Don't get me wrong, I love my kids. And I would love to spend quality time with them over the summer. And we do achieve it at times. I just wish they liked each other - at least a little bit!
I did have a plan. Sort of. It's not as if you bury your head in the sand and pretend two months a year don't happen, they loom large once Easter is over and necessitate a Category 5 level of planning. But the Great British Weather hasn't helped and I'm stuck!
I remember my first summer holiday as a mum. Thrilled to have a full two months to spend with my (then eight month old) little boy every single day was savoured. Having returned to work when he was a mere twelve weeks old (the archaic maternity law then stated that 14 weeks was my maximum time off - although my employer would have gladly let me go indefinitely for daring to fall pregnant in my first year of work!) any time off was incredibly valuable. The easiest of my four children by several miles (and some) we had a truly epic summer. Travelling to stay with friends, days out, quiet days at home, trips together - it was a really special two months and perhaps set the bar a little too high. Because let's face it, the reality for most of us is that the key word for the school summer holidays isn't so much excitement as SURVIVAL.
So for those equally trapped, struggling to create some precious memories out of a quagmire of frustration, here are some top tips!
- Don't rely on the weather. Obvious I guess but given that summer has utterly failed to install this year a useful reminder nonetheless. You not only need a wet weather back up, it's worth turning that idea on its head and having a sunny weather back up....... expectation management is key here. If you wake up and the raincoat isn't needed you are on to a winner anyway and anything goes!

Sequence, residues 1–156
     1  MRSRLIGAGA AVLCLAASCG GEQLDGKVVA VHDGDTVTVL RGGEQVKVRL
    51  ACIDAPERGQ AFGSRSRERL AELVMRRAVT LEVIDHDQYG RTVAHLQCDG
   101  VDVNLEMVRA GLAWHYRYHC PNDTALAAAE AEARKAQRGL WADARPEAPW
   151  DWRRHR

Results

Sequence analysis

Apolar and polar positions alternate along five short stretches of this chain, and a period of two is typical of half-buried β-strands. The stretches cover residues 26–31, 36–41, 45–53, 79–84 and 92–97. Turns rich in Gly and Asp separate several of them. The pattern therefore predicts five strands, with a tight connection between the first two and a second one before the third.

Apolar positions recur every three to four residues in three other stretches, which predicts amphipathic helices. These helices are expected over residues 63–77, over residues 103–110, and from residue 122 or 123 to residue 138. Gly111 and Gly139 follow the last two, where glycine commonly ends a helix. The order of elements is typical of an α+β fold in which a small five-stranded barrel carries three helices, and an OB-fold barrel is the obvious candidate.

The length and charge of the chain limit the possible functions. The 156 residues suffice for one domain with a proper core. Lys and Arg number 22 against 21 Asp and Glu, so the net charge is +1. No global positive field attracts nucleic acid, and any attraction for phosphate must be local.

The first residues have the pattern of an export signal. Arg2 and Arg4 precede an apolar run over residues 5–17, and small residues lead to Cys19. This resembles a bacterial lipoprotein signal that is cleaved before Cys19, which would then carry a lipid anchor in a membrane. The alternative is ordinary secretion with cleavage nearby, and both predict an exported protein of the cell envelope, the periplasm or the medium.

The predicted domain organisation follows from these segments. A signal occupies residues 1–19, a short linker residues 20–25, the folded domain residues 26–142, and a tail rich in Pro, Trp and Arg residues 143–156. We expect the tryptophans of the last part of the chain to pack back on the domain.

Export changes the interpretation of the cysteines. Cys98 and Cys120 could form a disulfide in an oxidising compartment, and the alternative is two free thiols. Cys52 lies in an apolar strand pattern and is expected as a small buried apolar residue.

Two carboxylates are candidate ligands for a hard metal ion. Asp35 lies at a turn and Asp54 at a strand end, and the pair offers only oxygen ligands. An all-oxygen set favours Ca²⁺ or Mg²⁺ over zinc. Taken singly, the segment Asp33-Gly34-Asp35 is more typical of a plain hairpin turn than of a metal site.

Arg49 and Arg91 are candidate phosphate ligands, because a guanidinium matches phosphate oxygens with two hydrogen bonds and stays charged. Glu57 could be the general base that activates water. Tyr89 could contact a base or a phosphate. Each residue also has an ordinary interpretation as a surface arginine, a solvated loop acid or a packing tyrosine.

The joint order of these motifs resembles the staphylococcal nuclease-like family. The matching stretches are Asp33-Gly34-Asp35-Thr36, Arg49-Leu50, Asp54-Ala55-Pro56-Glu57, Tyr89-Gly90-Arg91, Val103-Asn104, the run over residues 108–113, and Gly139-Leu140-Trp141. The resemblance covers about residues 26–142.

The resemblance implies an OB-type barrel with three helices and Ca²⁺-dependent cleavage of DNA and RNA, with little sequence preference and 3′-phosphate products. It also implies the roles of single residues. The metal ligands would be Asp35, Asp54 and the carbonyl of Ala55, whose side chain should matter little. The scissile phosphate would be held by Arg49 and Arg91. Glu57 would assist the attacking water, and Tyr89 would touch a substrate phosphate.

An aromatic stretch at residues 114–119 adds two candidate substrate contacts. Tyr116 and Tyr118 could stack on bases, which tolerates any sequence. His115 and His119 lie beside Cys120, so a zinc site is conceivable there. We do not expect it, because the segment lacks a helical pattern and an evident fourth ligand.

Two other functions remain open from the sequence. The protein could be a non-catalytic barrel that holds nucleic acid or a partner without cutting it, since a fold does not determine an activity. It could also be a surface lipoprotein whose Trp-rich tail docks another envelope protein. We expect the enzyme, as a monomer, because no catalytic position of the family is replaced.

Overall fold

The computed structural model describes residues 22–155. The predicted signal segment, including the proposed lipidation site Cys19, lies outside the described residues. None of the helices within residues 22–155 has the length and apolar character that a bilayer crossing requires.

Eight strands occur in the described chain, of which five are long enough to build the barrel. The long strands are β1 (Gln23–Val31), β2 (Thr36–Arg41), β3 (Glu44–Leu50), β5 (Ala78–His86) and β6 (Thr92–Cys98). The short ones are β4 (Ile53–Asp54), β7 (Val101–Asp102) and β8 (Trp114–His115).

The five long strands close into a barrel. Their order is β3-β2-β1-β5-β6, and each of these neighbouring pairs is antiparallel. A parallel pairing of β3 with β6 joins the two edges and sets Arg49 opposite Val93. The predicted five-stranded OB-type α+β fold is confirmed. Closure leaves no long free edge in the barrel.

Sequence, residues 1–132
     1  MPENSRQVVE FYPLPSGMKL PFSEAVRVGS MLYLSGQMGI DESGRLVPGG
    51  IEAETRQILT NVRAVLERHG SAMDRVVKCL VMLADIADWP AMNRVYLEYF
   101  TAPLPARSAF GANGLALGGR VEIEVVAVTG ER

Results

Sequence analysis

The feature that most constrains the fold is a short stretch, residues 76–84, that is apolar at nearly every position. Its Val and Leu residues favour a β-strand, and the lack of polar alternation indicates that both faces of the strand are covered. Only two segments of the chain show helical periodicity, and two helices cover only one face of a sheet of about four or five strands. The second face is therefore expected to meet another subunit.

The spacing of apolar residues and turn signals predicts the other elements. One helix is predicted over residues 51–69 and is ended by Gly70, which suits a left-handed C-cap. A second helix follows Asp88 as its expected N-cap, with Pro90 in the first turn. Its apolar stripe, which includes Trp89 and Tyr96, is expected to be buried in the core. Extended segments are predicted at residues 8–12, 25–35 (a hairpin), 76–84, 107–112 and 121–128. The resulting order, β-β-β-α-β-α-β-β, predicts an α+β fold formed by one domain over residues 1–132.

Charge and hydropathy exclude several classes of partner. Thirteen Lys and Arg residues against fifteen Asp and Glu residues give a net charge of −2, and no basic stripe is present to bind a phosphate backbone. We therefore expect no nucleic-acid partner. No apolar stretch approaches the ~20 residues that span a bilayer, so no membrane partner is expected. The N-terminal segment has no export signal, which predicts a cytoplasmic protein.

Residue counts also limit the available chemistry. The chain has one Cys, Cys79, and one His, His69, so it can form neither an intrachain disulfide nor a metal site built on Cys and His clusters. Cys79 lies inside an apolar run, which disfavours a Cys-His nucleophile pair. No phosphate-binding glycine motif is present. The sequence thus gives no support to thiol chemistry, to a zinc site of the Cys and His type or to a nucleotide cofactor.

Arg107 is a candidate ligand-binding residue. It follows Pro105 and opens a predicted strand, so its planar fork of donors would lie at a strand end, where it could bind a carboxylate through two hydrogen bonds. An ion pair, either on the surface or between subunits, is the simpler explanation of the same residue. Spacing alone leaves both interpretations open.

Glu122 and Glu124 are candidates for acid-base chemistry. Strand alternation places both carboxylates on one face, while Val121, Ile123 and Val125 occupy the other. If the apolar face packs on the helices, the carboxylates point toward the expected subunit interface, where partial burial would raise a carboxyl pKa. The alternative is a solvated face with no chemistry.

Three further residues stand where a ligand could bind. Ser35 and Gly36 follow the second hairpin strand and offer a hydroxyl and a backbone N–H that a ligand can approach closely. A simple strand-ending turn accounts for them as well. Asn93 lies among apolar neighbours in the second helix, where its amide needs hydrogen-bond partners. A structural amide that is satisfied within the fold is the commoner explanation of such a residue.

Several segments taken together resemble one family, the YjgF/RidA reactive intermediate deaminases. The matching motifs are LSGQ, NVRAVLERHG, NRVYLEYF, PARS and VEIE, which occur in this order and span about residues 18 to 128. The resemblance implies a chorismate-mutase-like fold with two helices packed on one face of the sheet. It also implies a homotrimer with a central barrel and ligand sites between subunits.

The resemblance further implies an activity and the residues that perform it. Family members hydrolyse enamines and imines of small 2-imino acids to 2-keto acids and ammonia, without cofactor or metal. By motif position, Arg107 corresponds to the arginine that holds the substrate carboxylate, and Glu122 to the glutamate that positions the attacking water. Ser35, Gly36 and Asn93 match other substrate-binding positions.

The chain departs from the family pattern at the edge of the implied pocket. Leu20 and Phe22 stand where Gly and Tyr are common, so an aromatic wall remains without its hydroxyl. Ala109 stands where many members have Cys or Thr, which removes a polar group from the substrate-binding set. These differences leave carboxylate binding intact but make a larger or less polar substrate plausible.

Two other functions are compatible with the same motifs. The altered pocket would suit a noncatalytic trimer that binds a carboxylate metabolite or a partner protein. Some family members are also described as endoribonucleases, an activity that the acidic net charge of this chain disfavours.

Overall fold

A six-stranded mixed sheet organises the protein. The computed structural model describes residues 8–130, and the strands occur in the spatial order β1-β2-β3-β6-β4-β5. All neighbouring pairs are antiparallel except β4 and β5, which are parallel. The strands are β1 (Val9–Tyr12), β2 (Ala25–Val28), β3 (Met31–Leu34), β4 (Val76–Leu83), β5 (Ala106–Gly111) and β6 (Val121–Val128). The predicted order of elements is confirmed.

- Don't "go for broke". A conservative day trip where everyone survives unscathed with some enjoyment is far better than attempting the proverbial Everest trip where the risks far outweigh any potential benefits. Factor in the almost certain outcome that you will end up a) In A and E b) tearing your hair out and/or c) calling for reinforcements, aim low. It really is about survival.
- Take the long view. Whether you have six weeks to fill, or an eight-nine week marathon the message is the same. There is only one of you, and unless you have a fortnight booked in some spa resort to recover in early September, you need to reach the finish line in one piece. A TV / computer game day does NOT make you a bad parent. Neither does cheating on the catering front at least one day a week. Given the allergies here cheating is rarely an option, but when it IS, I seize it with both hands and give it a hug. Tightly. Anyway chips are GOOD - the twins' dietician actually prescribed chips when they were younger, so how bad can they be??!
- Find at least ten minutes a day for yourself. Lock yourself in the loo if you have to, but those ten minutes are sacrosanct. Whether it's a peaceful cup of tea, ten minutes on Facebook or some time reading, it's YOUR time. Your sanity matters...... I've tried matyrdom and it wasn't a pretty sight. Those ten minutes are MINE and God help the adult/child who thinks I don't need them..... the bill for The Priory will be FAR greater than the cost of my coffee bill I assure you!
- Eyes on the Prize It might seem a long way off, but September will hurtle round faster than you think. The day when you hand those children back to their respective schools and wonder what you have DONE all summer will surely come. Make sure you find time for some real adventures amongst the necessary rushing around. Those are the memories that will sustain you when you actually miss your small people as the cycle of the school year cranks up again and you realise just how far off Christmas is.